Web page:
Now, 48 hours later, I’m posting Almost Food Friday. If this system works as magnificently as it appears to, from what I saw at the research center, I’m going to be in for some good eating here shortly.
(the box. Relatively small.)
(Soil, dolomite and fertilizer. The soil can be reused.)
(Fertilizer goes down the middle…)
(I use a small juice glass to cut holes in the cover for planting. The cover is reverible- black for cooler weather planting to absorb the heat, white for hot summer planting to reflect the heat. Isn’t that smart?)
I have sugar snap peas and cherry and grape tomatoes. I have arugula, mesclun, red leaf lettuce, basil and cilantro. I have sweet bell peppers, jalapeno and habenaro peppers, nasturtiums and, of course, datil peppers. I’ll post frequent photo updates. Wish me luck.
(Those datil pepper seeds are thinking about sprouting even as I type…)
Wish Dan luck. He opens tonight at the Chicago House of Blues. This is a very big gig. Last night, NOMO played at Schubas, another popular Chicago venue and they were spontaneously asked to play at HoB tonight. That’s big. He’s starting the tour season now, heading to Amherst and Bloomington and a bunch of other places. In March, the band goes out to Kalispell and teaches band camp for a week. He loves that one; Location, location, the pay is good and they get daily expenses and he really enjoys teaching high school kids. Enough to consider a career path change? I think not yet. This may be the year, as they release their fourth CD and ramp up for summer tours, that this life as a musician becomes a fully viable and attainable dream. I hope so.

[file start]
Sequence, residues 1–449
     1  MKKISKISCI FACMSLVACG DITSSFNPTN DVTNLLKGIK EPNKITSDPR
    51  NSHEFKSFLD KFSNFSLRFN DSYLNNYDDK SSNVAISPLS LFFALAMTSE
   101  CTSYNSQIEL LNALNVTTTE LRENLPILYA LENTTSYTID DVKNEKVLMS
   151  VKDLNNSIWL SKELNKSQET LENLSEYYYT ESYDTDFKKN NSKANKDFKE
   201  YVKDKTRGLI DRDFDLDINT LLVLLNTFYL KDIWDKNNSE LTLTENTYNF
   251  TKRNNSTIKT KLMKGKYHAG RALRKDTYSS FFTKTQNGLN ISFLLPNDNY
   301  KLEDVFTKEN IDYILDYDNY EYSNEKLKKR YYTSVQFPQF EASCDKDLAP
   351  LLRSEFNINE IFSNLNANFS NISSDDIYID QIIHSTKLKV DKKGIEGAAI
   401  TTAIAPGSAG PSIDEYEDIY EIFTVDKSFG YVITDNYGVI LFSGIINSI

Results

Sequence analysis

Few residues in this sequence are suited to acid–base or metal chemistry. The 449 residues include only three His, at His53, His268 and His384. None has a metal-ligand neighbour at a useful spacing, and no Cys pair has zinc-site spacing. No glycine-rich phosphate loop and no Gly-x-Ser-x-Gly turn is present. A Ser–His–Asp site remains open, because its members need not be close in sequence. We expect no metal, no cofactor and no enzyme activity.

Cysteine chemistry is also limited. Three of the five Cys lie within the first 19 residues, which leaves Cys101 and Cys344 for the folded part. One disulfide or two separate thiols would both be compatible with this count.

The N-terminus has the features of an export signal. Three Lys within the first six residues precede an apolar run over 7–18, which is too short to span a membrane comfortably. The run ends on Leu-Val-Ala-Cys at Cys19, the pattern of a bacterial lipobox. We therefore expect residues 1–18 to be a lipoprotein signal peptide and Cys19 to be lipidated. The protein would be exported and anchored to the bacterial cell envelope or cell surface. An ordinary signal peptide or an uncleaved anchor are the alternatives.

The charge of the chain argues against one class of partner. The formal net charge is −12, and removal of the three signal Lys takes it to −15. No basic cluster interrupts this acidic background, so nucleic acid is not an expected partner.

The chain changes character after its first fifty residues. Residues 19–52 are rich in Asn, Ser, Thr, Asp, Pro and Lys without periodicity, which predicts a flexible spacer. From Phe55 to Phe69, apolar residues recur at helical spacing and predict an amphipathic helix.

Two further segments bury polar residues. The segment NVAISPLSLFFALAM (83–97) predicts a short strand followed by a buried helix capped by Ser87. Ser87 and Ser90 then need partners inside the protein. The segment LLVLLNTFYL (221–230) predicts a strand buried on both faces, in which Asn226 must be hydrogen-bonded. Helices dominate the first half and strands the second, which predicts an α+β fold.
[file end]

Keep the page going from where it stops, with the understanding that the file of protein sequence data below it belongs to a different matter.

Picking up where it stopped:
(the one on the far left shares my DNA)
Last night we had dinner with Abby and afterwards she talked to me about graduate school. This is the first time and it’s an issue I hadn’t raised, deciding to wait and see what she had in mind. Since she always marches to her own drummer, it doesn’t matter a whole lot what I think and I get more mileage out of waiting until she engages me in the conversation. She told me that a lot of her friends are taking a year off between undergraduate and graduate schools but then reminded us both that she had already taken her year off up front, when she stalled on her applications. She thinks she’ll probably go straight through and she talked about getting ready for both the GREs and the LSATs because she’s on the fence. Does she want a PhD in Environmental Science and Policy or does she want a law degree in Environmental Law? She talked about the different paths for each. What she really wants to do, ultimately, is have some impact on how environmental policies are made and implemented and she recognizes that this will take years of experience in addition to her graduate education. And then there’s Misha, the Russian. That’s serious, too.
Truly, it was only yesterday that this one was working at Steak ‘n Shake and painting houses after skipping her senior year of high school to bowl and play basketball…
The Hannibals are back!
Their nest tree branch came down in a storm and for a week there’s been a lot of circling. What to do? What to do? Stay tuned…